Reid J. Epstein, Maggie Haberman and Glenn Thrush of Politico decided that today, of all days, was “2012’s nastiest day,” because, after being heckled Occupy-style by Obama-organized protesters last week, Romney fought fire with fire today:
Welcome to the schoolyard slap-fight that is the 2012 campaign to lead the most powerful nation on Earth.
Barack Obama’s top strategist David Axelrod giddily trespassed on Mitt Romney’s backyard here on Thursday to hammer the newly anointed GOP nominee for his shortcomings as governor of Massachusetts.
Then Romney, a continent away — but occupying a similar head-space — got good and even, personally visiting Solyndra, the defunct California solar panel manufacturer that has become a conservative poster child for misguided federal spending. …
The twin scrums capped off the nastiest 24 hours of the campaign so far, a record almost surely to be exceeded in a season of bile and tit-for-tat.
Oh, shut up.
Where was Politico’s hand-wringing over “nastiness” last week when this went on:
Outside, meanwhile, some brick row houses across from the school were boarded up. Police had cordoned off a full city block to protect Romney and his entourage. Residents, some of them organized by Obama’s campaign, stood on their porches and gathered at a sidewalk corner to shout angrily at Romney. Some held signs saying, “We are the 99%.” One man’s placard trumpeted an often-referenced Romney gaffe: “I am not concerned about the very poor.”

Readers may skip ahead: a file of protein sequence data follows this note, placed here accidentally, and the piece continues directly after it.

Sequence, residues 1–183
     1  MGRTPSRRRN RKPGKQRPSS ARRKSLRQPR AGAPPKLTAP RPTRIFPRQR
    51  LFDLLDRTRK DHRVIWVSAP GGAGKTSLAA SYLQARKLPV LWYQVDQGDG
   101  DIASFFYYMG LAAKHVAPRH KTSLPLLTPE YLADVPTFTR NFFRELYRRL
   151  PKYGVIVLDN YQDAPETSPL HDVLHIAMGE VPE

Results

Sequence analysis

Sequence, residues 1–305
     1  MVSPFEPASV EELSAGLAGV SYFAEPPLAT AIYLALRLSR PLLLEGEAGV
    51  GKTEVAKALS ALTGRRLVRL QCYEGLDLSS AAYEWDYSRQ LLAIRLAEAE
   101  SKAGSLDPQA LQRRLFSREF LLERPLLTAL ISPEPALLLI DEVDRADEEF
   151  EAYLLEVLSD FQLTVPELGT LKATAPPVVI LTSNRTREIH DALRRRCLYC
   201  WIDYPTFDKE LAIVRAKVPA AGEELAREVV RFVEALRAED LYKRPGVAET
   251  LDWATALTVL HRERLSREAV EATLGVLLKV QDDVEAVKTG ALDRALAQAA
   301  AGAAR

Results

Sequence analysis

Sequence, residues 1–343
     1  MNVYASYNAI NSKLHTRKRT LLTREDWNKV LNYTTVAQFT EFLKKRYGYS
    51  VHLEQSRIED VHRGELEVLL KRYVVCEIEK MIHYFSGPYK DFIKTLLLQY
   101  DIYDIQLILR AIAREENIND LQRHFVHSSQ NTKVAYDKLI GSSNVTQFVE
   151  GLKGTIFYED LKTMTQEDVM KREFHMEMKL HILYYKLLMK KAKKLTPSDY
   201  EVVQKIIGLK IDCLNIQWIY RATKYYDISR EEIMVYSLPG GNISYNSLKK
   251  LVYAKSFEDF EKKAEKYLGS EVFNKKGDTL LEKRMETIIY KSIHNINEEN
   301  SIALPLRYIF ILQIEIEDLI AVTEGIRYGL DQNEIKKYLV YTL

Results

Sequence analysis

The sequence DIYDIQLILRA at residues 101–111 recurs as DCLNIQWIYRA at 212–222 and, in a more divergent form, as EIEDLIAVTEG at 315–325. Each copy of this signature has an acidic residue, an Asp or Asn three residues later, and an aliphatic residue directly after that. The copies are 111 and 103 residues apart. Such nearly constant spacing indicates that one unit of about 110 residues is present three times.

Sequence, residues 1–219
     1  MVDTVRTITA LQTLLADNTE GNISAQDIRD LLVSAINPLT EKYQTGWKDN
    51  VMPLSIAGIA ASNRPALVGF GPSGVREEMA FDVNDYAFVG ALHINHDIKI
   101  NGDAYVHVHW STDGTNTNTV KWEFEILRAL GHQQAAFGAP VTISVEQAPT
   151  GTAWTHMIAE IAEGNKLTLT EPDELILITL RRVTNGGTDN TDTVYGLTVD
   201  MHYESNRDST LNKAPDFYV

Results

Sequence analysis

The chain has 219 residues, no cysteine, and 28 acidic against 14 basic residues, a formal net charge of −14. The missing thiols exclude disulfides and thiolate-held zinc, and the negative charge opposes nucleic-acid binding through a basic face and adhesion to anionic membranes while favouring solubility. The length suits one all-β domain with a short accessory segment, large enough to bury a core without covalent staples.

A good faith search shows Politico didn’t even report that story. Furthermore, the quote above is from the Washington Post, who buried the news about the Obama campaign being behind the protests. Gee, I wonder why.
According to Romney, he’s been heckled by protesters organized by Team Obama many times before. Where’s all the journalistic head-shaking over those “nasty” days?
The only reason the corrupt Politico is declaring today “nasty” is because Their Precious One lost the Chicago street fight he is never supposed to lose. As you can read here and here, Romney is proving this is no longer 2008 – and that worries the media as much as it does the Obama campaign.
Follow John Nolte on Twitter @NolteNC